Watson Institute for International and Public Affairs
Center for Contemporary South Asia

Alison Post

Friday, April 27, 2018

2:00pm – 4:00pm

Harvard University, CGIS S354

+ Google Calendar04/27/2018 14:0004/27/2018 16:00America/New_YorkAlison Post Alison Post is an Associate Professor of Political Science and Global Metropolitan Studies, and Co-Director of the Global Metropolitan Studies Program.  Her research lies at the intersection of comparative urban politics and comparative political economy, with regional emphases on Latin America and South Asia.  It examines several related themes: the politics of regulating privatized infrastructure, the varying ability of subnational governments to provide...Harvard University, CGIS S354MM/DD/YYYY
+ iCal/Outlook04/27/2018 14:0004/27/2018 16:00America/New_YorkAlison Post Alison Post is an Associate Professor of Political Science and Global Metropolitan Studies, and Co-Director of the Global Metropolitan Studies Program.  Her research lies at the intersection of comparative urban politics and comparative political economy, with regional emphases on Latin America and South Asia.  It examines several related themes: the politics of regulating privatized infrastructure, the varying ability of subnational governments to provide...Harvard University, CGIS S354MM/DD/YYYY

Alison Post is an Associate Professor of Political Science and Global Metropolitan Studies, and Co-Director of the Global Metropolitan Studies Program.  Her research lies at the intersection of comparative urban politics and comparative political economy, with regional emphases on Latin America and South Asia.  It examines several related themes: the politics of regulating privatized infrastructure, the varying ability of subnational governments to provide infrastructure services effectively following the decentralization wave of the 1990s, and the politics of urban policy more broadly.  She is the author of Foreign and Domestic Investment in Argentina: The Politics of Privatized Infrastructure(Cambridge University Press, 2014) and articles in Comparative Politics, Governance,Perspectives on Politics, Politics & Society, Studies in Comparative International DevelopmentWorld Development, and other outlets.  She has been named a Clarence Stone Scholar (an early career award) by the Urban Politics Section of the American Political Science Association, and received U.C. Berkeley's Carol D. Soc award for mentoring graduate students. Her doctoral dissertation, “Liquid Assets and Fluid Contracts: Explaining the Uneven Effects of Water and Sanitation Privatization,” won the 2009 William Anderson award from the American Political Science Association for the best dissertation in the general field of federalism, intergovernmental relations, state or local politics. She has served as a a Marshall Scholar, a postdoctoral research scholar with the Committee on Global Thought at Columbia University, a Visiting Researcher at the Centro de Estudios de Estado y Sociedad in Buenos Aires and the U.N. Economic Commission for Latin America and the Caribbean (E.C.L.A.C.) in Santiago, and as a Researcher at L.S.E. Urban Research in London.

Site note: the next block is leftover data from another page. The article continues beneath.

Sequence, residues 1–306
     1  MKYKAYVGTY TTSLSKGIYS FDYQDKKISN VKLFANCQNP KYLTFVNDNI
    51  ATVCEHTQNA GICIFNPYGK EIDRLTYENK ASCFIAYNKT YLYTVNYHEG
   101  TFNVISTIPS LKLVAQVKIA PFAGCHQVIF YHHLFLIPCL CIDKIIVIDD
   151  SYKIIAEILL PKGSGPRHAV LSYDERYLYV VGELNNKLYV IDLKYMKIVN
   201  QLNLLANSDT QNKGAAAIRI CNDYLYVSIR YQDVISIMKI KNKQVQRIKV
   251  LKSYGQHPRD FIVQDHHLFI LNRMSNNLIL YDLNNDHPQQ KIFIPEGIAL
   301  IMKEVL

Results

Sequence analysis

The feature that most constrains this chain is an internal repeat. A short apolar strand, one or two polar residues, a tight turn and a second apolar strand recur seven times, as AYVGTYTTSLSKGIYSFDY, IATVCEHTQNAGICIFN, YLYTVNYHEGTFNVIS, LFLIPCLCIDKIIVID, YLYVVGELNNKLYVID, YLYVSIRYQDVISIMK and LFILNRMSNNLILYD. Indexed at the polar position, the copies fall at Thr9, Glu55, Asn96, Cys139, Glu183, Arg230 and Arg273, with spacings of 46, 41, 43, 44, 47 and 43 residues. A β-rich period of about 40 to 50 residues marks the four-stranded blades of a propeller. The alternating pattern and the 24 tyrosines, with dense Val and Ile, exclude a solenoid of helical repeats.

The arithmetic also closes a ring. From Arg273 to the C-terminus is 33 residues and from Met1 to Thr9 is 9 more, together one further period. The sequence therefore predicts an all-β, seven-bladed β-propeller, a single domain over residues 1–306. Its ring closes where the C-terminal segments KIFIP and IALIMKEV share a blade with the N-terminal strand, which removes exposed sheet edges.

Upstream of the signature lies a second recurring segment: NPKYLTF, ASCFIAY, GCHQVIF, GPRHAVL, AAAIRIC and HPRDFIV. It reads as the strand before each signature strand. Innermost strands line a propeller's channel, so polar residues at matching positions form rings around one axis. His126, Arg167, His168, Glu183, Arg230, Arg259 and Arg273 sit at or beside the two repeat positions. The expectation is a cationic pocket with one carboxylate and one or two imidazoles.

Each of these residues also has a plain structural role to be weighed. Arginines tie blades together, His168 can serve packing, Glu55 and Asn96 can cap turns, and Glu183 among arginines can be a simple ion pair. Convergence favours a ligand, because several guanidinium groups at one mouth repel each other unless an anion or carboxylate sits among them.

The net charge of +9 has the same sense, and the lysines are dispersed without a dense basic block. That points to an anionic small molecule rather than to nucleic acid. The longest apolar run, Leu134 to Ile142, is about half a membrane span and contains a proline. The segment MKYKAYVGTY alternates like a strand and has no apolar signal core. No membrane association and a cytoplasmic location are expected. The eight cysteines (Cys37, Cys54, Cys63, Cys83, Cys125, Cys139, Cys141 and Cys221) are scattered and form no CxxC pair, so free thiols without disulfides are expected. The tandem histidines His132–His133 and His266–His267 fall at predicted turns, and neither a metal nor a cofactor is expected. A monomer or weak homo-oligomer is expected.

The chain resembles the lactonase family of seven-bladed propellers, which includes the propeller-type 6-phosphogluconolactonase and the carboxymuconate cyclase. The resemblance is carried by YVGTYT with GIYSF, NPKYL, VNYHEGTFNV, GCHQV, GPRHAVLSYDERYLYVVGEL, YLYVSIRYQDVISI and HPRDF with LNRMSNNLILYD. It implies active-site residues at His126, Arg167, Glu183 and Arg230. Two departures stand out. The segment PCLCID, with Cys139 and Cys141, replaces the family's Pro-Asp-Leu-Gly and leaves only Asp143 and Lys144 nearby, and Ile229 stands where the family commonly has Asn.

Joint Seminar on South Asian Politics